Wednesday, June 29, 2022

Direct air carbon capture not a silver bullet for climate change

If anyone was banking on direct air carbon capture technology to save us from runaway climate change, here's a rather large slap in the face. Yes, direct air capture (DAC) works, but it is suspiciously similar to titling at windmills.

The world largest direct air carbon capture faculty, which is currently under construction by Swiss company Climeworks AG in Iceland, and nicknamed "Mammoth", will be capable of extracting 36,000 tons of carbon dioxide direct from the air each year, and deposit it safely underground (or mix it into cement, or use it to produce jet fuel or yoga mats or even fizzy drinks, as some other projects promise). 

That might sound like a lot, and it is nine times more than Climeworks' "Orca" plant, which is currently operational. But it actually represents just 0.0001% of the 36 billion tons of CO2 we as a planet spew into the atmosphere each year. Climeworks sells carbon credits to companies like Microsoft, Audi, Shopify and Boston Consulting Group, but, at €1,000 a ton, they are some of the world most expensive carbon credits (although they do look good on press releases and annual reports). I have not been able to ascertain the actual cost of the plant, other than news of a $627 million partial "funding round", but you have to know it is hugely expensive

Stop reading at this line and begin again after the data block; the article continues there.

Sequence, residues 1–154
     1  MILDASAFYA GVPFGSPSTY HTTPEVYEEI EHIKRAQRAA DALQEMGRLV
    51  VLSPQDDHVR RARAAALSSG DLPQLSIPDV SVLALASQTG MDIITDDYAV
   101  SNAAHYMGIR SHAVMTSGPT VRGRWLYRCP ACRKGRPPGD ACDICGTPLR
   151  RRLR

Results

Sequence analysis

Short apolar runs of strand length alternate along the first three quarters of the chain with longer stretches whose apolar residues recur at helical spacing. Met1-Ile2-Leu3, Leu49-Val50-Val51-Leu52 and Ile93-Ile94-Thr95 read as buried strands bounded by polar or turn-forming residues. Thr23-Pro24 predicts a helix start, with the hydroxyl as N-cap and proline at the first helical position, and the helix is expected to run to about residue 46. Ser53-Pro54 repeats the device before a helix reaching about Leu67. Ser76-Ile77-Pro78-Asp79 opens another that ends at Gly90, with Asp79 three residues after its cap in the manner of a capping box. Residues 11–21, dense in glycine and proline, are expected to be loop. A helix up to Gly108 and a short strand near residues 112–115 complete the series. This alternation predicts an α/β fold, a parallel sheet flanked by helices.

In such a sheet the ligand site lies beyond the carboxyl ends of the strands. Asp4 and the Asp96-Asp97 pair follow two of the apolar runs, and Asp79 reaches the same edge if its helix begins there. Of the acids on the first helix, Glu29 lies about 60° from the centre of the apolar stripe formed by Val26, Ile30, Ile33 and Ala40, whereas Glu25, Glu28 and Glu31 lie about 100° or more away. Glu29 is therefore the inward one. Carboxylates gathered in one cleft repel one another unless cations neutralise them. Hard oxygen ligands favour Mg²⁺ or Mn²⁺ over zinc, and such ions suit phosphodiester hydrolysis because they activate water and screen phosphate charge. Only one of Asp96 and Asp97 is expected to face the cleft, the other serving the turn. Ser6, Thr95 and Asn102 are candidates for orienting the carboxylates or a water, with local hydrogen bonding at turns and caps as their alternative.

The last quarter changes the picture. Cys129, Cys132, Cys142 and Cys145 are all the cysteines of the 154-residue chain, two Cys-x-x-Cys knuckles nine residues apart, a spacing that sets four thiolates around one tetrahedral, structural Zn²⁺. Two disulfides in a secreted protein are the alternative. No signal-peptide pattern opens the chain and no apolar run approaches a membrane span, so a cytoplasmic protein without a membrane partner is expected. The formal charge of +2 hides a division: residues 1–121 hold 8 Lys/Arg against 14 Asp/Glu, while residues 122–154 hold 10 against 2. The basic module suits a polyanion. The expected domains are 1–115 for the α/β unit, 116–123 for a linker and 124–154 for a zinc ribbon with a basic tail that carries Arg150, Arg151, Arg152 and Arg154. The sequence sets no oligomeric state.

At the scale of this (huge and extremely expensive) plant, we would need a million such plants to get us even close to net zero carbon, and that's before we start to reduce our currently unsustainable atmospheric carbon load of 420 parts per million down to a slightly more sustainable 350 ppm. A step in the right direction maybe, but such a small step as to be almost unnoticeable. Climeworks is nothing if not ambitious, and says it plans to build bigger and bigger plants, and to extract a million tons of CO2 from the air annually by 2030, and a billion by 2050.

DAC is currently having quite a cultural moment, exemplified by US President Joe Biden's recent announcement of $3.5 billion for several DAC hubs in the USA, and plans for the first truly large-scale American plant southwestern USA. The most recent Canadian federal budget announced a 60% tax credit for DAC projects. But challenges and problems still abound, including the fact that DAC plants themselves are notoriously power hungry, and not all new projects will be able to utilize Iceland's enviably prodigious geothermal resources, the way Mammoth and Orca do. 

Now, I don't like to dump all over positive news, and I understand that this would be just one plank of many in a climate change mitigation plan (no-one, other than detractors, is claiming that DAC is intended to single-handedly cure all our evils). But we do need to be practical about this, and question whether throwing this kind of money into direct air carbon capture is actually the right thing to do. It seems to me that, dollar for dollar, euro for euro, the money might be better spent on other greenhouse gas mitigation projects. 

I also worry that "negative emissions technologies" of this kind just give high-emitting companies an excuse to keep on polluting, especially given that the technology, while promising, is not guaranteed to become commercially successful. As even DAC companies admit, cutting emissions should always be our first, and overriding, priority.

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